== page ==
THE .

JOUHNAL 01"

IN\'ESTIGATIVE

DEHMATOLOCY

Copyright

© 1972 by The Williarus & Wilkins Co.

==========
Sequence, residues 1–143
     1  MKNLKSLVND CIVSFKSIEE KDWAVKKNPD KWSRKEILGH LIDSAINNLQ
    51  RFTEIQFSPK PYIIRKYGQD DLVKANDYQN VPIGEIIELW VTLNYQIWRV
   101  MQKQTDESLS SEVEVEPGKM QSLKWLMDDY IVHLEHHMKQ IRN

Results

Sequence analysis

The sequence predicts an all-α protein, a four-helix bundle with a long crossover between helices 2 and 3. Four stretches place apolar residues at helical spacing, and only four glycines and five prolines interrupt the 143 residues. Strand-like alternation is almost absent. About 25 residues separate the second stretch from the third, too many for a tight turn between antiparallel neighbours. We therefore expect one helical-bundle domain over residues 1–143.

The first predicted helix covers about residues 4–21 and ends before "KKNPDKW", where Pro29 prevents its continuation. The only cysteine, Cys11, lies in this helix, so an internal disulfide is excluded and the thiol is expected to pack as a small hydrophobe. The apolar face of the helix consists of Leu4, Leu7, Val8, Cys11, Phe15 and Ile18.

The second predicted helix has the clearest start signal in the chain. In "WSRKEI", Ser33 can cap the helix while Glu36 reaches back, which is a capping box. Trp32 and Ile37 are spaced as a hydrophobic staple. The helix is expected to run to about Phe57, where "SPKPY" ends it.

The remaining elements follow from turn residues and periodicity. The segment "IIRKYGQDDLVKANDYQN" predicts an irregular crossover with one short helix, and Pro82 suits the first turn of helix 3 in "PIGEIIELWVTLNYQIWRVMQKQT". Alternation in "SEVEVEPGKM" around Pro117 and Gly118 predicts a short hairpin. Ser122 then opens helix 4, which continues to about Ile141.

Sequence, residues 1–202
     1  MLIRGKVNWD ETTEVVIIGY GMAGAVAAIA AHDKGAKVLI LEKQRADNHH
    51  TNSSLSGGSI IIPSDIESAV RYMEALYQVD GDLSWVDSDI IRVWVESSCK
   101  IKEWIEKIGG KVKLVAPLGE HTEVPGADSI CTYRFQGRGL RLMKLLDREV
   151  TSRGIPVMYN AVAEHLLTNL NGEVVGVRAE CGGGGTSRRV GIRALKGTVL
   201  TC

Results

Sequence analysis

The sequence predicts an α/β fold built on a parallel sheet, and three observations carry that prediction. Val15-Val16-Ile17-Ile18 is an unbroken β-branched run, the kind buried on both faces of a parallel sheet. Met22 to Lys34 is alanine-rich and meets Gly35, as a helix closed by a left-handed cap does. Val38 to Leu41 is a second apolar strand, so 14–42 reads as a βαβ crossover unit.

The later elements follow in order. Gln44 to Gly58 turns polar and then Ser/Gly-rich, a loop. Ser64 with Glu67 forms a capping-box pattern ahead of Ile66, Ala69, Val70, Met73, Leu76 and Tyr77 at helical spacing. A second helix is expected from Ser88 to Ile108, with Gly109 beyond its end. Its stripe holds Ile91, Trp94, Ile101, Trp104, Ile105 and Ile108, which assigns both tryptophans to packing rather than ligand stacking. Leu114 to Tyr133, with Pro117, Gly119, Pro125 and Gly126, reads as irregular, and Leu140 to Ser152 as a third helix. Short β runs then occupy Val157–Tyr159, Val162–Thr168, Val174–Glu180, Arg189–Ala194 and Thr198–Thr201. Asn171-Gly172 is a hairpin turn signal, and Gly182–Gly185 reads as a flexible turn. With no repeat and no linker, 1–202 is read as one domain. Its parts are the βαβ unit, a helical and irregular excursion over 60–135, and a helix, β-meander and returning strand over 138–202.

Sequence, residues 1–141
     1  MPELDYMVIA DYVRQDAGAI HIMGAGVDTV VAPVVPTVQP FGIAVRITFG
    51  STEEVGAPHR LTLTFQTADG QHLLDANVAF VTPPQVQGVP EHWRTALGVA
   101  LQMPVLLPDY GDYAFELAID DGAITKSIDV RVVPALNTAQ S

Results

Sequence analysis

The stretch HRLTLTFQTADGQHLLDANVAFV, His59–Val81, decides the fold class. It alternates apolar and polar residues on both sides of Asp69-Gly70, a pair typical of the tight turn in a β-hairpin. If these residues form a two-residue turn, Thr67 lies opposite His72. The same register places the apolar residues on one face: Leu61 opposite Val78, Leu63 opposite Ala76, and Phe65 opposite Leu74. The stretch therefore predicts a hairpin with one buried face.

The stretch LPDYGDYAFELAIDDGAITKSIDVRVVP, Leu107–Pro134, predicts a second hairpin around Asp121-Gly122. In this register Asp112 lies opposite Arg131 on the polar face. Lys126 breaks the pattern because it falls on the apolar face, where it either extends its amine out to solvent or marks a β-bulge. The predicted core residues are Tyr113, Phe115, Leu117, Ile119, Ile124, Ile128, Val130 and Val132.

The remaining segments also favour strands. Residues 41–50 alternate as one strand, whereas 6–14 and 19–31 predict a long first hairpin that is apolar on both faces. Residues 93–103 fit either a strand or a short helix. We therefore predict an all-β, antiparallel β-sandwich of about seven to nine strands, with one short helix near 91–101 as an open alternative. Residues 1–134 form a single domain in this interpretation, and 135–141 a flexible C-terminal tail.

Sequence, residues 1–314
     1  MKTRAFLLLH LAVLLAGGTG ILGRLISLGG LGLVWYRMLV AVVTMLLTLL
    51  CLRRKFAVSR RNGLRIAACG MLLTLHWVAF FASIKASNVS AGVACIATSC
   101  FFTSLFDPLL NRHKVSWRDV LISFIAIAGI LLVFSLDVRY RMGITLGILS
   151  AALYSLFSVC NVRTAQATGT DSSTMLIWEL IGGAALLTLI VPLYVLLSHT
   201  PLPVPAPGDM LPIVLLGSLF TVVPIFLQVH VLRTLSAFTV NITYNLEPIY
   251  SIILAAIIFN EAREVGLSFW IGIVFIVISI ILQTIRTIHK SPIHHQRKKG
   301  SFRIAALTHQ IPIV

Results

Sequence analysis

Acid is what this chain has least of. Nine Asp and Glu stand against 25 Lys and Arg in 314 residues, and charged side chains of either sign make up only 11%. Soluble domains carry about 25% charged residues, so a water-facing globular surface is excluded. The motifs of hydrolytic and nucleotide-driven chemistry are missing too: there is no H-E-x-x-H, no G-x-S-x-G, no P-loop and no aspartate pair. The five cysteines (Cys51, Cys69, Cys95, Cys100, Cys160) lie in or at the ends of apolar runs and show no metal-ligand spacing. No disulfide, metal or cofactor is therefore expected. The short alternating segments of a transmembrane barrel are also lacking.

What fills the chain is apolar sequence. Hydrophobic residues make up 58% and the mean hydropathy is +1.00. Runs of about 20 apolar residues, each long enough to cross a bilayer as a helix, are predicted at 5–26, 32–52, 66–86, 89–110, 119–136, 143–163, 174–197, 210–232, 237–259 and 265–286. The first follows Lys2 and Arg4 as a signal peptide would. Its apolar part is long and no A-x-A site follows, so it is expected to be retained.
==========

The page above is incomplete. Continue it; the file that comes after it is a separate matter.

Vol. 58. No.3 Printed ill U.S.A.

XERODERMA

PIGMENTOSUM: VARIANTS WITH NORMAL DNA REPAIR AND NORMAL SENSITIVITY TO ULTRAVIOLET LIGHT*'
J.

E. CLEAVER
ABSTRACT